The collection of Randon de Boisset, February 27th - March 25th, 1777, nos. 789, 790, 791, 792.
The Lebrun collection, January 19th 1778, no. 199.
The Dubois collection, November 20th 1785, nos. 214 and 216.
The Lebrun collection, April 11th 1791, nos. 767-768.
The La Mure collection, April 19th 1791, nos. 207-208.
The Choiseul-Praslin collection, April 3rd, 1793, 1793, no. 243.
The Bezenval collection , August 10th, 1795, no. 88.
The Duclos-Defresnoy collection, August 18th, 1795, no. 177-178.

A watercolour from 1770, now in the Palazzo Rosso, Genes representing a similar pair of pedestals, was probably used to present the chef-d ’oeuvres of Lalive de Jully’s collection to foreign collectors (see P. Fürhing, “Design for and after Boulle furniture”, The Burlington Magazine, June 1992, p.355).

Most eighteenth century examples now reside in national and international museum’s collections; the Louvre has three pairs with stamps from the cabinetmaker Severin and Levasseur who probably restored them. Two of these pairs were probably seized from the Hotel de Noailles during the Revolution (see D. Alcouffe, A. Dion-Tenenbaum et A. Lefébure, Le mobilier du musée du Louvre, Tome 1, Dijon, 1993, p.88-89, catalogue n°22).

By the early nineteenth century this model was particularly fashionable amongst regency collectors of 'Buhl' and notable examples survive in British collections, reflecting the keen interest in Boulle marquetry in general and this model more particularly by some great British collectors since the beginning of the century.

Four pairs of pedestals are currently part of the collections of the Duke of Devonshire at Chatsworth in Derbyshire; another set of four is kept at Uppark in Sussex; a pair is at Castle Howard in Yorkshire; finally, five pedestals; four created by Levasseur in the second half of the eighteenth century and probably a fifth by André Charles Boulle, are in the Duke of Wellington Stratfield Saye collections; they were bought in Paris in the first quarter of the nineteenth century through the merchant Ferreol Bonnemaison (see Mr. Aldrich, "A Setting for Boulle Furniture: The Duke of Wellington's Gallery at Stratfield Saye," Apollo, June 1998, p .19-27).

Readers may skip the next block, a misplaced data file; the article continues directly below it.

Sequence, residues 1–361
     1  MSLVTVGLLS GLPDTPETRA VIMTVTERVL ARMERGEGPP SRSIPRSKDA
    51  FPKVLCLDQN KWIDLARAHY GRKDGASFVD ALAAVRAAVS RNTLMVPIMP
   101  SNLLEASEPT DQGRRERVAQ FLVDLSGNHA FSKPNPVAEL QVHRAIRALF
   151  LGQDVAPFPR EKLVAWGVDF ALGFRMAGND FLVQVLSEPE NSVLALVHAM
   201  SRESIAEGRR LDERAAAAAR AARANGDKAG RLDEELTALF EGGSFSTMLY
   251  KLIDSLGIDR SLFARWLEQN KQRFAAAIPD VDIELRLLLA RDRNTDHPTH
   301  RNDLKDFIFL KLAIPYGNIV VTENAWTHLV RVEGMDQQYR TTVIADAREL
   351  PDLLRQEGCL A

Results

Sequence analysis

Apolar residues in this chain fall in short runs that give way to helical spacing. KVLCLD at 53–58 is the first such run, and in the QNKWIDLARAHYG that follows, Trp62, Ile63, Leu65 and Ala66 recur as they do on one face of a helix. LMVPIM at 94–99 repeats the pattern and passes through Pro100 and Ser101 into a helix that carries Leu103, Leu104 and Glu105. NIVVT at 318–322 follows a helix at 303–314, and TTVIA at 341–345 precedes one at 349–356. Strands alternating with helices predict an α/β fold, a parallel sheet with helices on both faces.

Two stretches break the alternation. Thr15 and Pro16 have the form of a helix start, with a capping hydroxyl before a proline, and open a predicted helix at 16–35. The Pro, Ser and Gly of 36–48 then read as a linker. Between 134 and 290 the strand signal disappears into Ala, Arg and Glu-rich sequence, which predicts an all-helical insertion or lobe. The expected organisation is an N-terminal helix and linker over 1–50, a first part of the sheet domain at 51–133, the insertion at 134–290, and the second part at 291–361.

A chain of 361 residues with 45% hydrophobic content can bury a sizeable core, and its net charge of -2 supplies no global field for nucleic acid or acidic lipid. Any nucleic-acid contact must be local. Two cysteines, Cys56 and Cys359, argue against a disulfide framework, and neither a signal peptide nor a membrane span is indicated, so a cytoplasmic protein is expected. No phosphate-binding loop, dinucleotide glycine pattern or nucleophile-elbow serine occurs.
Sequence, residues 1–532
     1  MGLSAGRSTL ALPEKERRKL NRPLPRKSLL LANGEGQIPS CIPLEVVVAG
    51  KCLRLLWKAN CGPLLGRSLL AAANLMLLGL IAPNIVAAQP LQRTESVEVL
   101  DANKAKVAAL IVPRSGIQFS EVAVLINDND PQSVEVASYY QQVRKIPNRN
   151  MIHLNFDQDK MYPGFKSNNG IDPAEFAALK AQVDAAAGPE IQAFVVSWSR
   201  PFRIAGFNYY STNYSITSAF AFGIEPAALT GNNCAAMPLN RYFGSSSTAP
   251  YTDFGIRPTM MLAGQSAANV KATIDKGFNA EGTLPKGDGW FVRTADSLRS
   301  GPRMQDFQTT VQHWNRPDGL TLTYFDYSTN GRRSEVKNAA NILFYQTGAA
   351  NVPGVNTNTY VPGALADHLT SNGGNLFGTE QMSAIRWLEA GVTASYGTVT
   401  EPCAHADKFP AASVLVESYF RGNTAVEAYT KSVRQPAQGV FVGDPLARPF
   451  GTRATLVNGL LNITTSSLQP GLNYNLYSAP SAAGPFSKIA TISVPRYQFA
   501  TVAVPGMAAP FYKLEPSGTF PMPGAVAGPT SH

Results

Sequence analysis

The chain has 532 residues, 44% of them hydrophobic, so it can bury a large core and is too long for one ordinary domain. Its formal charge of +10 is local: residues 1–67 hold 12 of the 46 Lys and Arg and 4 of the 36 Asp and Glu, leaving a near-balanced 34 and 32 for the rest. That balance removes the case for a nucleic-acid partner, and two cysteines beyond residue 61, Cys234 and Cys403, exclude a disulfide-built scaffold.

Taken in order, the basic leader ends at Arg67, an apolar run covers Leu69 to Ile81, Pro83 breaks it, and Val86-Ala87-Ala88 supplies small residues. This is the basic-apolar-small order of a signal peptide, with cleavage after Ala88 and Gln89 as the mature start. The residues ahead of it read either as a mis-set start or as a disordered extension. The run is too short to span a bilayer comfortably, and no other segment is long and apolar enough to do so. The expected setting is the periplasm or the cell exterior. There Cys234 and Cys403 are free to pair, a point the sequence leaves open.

During the Restoration, cabinetmakers in France continued to be interested in the works of their predecessors and to reproduce them faithfully, both in the forms and in the techniques used.
Amongst the foremost ébénistes creating examples in the early nineteenth century was Jean-Baptiste Béfort, known as Béfort Père.

Of Belgian origin Jean-Baptiste established himself as a master cabinetmaker in Paris in 1817 specialising in the creation of models after André-Charles Boulle. He famously furnished apartments of the Duc d'Orléans and it was said that he: 'a porté le talent d'ébéniste à un degré de supériorité que les meilleurs ouvriers de Paris peuvent attester'.

Jean-Baptiste was joined in business by his son Mathieu Béfort (Béfort Jeune) (1813-1880) in 1836 and together ran one of the principal firms of ébénistes of the period.

As well as faithful facsimiles of Boulle’s models, Maison Béfort presented their own interpretations of his work to great acclaim and also created furniture incorporating vernis martin and porcelain plaques, often in the manner of Riesener.

The firm received a medal at the 1844 Exposition de l'Industrie Française, and earnt Mathieu Béfort a reputation for the high quality of his work. As a result he became a purveyor to Napoleon III and Empress Eugénie.

Joseph-Emmanuel Zwiener reputedly took over the Béfort firm circa 1880.

French, Circa 1850.
Ledoux-Lebard, Denise 'Les Ebénistes du XIX Siècle', Editions de l'Amateur, (Paris), 1984, pps. 48-50.
Dimensions
Height 125.00 cm (49.21 inches)
Width 54.00 cm (21.26 inches)
Depth 43.00 cm (16.93 inches)
Stock Code
B72660
Medium
gilt-bronze and boulle marquetry
Signed/Inscribed
Stamped to the reverse of the gilt-bronze mounts ‘BF’ for Mathieu Béfort (Béfort Jeune) and no. ‘54. & 226’.
Adrian Alan

Adrian Alan